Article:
Nicholas Tse did not receive an Oscar nomination for portraying Sergeant Tong Fei in Beast Stalker.
Having watched both this film, and director Dante Lam's similar follow up Stool Pigeon it seems he should perhaps return to his more casual, almost Jim Jarmuschesque style of his earlier film Beast Cops, which I had a great deal of affection for. As with "Pigeon", this film bizarrely muddles its plot throughout either failing to create development within the characters or doing it in such a way that dilutes its impact. Both films also suffer from a lifeless central performance by Nick Cheung, this time as a scarred criminal who I would say had some potential as written, but Cheung's approach is one note. It is absolutely baffling that Cheung was the actor to win the best actor prizes for this film when you have the one asset, that Dante Lam should hold onto, that being Nicholas Tse as the primary lead. As with the later film Tse once again is the highlight of the film. This is from the outset just through his incredible charisma as a performer. Tse is engaging frankly even when the plot is not as he just carries such an ease onscreen that it is at the very least easy to follow him through the story, even if the story isn't all that compelling in itself.
Tse has a bit more to work with than just being a needed source of star power for the film. The central story of the Sergeant Tong Fei, in terms of conception, should be a compelling one. We see in the brief opening scenes as confident police detective doing whatever he sees fit to catch the criminals. Tse of course can brim with such confidence and establishes the Sergeant as well as anyone could honestly. The central conceit quickly happens where a car accident intertwines the various characters. Tong Fei's experience within this is particularly traumatic as the confusion leaves him to accidentally kill a young girl the criminals somewhat randomly kidnapped. Tse is terrific in the scene in terms of conveying both the cause, in showing so well the physical confusion of the moment, as well as the grief in his realization. Tse's horrified reaction captures the immediate realization of what the sergeant has done powerfully, even if the film isn't quite sure what to do with this. The film quickly fast forwards past the sergeant dealing with these actions to move onto the story of trying to save sister of the killed he killed as well. I actually think this could theoretically work however neither Lam's script nor his direction is deft enough to realize this approach.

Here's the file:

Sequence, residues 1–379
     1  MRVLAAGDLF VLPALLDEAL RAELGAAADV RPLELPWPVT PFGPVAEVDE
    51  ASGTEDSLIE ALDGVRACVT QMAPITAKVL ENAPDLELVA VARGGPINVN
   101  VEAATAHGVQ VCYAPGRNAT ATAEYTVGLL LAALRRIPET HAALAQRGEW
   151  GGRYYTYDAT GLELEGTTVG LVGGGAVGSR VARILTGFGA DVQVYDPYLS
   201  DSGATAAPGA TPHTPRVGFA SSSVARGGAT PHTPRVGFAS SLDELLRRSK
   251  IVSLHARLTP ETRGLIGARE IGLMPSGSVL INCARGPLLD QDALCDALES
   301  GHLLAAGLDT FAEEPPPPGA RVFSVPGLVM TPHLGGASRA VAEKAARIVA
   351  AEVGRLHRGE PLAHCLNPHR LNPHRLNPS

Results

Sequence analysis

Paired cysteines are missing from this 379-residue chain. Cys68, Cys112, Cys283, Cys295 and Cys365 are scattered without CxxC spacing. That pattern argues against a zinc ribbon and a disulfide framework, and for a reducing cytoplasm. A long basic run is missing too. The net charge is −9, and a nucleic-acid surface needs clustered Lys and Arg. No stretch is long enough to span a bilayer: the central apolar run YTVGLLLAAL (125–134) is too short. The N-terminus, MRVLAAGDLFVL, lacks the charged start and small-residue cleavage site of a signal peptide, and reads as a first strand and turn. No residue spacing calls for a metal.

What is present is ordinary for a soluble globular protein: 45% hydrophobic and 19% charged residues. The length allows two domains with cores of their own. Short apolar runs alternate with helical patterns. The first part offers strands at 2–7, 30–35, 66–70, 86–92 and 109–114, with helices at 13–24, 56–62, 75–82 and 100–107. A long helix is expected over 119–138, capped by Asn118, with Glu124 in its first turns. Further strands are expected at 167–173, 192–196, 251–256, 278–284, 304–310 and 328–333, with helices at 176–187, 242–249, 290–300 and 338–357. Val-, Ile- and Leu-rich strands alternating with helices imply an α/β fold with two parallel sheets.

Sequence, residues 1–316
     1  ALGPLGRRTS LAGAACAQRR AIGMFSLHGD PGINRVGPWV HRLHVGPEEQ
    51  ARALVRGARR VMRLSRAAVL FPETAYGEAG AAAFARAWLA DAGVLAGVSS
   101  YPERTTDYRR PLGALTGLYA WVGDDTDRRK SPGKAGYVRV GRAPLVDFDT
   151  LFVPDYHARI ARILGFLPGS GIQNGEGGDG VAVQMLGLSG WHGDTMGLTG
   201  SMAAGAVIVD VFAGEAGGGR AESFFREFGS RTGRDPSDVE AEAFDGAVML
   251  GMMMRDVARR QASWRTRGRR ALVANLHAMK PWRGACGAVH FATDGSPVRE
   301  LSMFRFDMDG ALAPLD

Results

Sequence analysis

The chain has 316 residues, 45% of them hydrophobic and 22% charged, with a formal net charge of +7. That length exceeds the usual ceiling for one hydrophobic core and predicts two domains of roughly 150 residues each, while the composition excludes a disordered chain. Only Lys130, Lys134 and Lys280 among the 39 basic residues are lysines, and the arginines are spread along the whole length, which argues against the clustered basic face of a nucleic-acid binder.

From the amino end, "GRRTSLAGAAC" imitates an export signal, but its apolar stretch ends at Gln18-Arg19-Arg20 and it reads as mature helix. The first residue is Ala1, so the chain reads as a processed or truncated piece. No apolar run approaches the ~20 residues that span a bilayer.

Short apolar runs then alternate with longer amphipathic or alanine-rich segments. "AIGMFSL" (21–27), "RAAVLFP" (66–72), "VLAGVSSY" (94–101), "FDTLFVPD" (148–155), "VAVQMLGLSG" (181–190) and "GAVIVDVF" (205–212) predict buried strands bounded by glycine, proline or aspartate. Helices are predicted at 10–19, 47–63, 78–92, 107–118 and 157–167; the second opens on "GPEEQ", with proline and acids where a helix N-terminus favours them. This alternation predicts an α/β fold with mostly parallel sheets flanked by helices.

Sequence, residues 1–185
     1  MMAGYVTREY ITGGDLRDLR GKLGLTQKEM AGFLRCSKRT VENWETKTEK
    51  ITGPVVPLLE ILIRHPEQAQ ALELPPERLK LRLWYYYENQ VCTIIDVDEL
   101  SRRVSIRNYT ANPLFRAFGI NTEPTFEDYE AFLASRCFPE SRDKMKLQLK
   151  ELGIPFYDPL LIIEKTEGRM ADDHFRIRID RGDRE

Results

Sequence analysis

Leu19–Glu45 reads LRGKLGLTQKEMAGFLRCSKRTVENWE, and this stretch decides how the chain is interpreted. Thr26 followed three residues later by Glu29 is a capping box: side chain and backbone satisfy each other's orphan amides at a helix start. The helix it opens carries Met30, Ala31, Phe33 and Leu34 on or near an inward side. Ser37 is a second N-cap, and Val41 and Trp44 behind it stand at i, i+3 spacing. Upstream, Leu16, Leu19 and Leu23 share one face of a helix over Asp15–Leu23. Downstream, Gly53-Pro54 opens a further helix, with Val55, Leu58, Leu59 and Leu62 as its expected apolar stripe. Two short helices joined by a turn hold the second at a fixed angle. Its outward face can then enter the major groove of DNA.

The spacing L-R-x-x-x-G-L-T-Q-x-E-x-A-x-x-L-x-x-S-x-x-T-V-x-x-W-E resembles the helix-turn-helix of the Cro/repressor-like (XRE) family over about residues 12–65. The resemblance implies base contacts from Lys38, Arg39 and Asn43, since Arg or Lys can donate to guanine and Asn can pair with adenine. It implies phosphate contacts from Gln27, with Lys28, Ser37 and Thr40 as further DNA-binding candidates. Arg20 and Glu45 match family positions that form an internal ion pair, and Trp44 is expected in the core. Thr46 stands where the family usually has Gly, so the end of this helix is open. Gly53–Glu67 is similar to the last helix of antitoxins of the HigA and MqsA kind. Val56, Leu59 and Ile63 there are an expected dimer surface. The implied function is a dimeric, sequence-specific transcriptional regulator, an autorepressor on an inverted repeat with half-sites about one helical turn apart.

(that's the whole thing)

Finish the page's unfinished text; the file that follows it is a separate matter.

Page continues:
That is not to say that Tse does not give it his all to attempt to make something out of this central idea of the broken and grief stricken detective trying to make things right. Tse has some moving, rushed by the film, moments within there. There is a natural warmth he projects, and effectively realizes that loss of that confidence as he conveys in his eyes that sense of the grief of his previous actions being a constant burden upon him. The film almost seems to purposefully cut away just when something truly remarkable will come from his performance though. It far too often dilutes the focus on Tse to give far too much time to Cheung's story, which I understood what they were going for yet it is completely wasted through his bland portrayal. This sadly diminishes the dramatic thrust of the sergeant's story which in turn diminishes the impact of Tse's work. Tse is consistently good though when he is given the spotlight however it is almost all the more frustrating because of that. I kept waiting for the film to properly devote the time to grant a better insight into the character, but quite simply never gives the character nor Tse the time. Tse has some strong individual moments whether it be a moment of extreme ptsd when in a gunfight, or when he thinks he might have failed the second daughter as well. Tse delivers the raw intensity of these moments, bringing to surface the underlying grief in these moments, that individually are very moving. They are only parts of a problematic whole that always leaves the character's story underdeveloped as the film bizarrely never gets its priorities straight. Nevertheless Nicholas Tse does his best to make what he has work, and he succeeds to a certain extent. Although this still feels wasted in part he does succeed in still breathing a bit of life into the film's proceedings through his charismatic and moving portrayal of an under served character.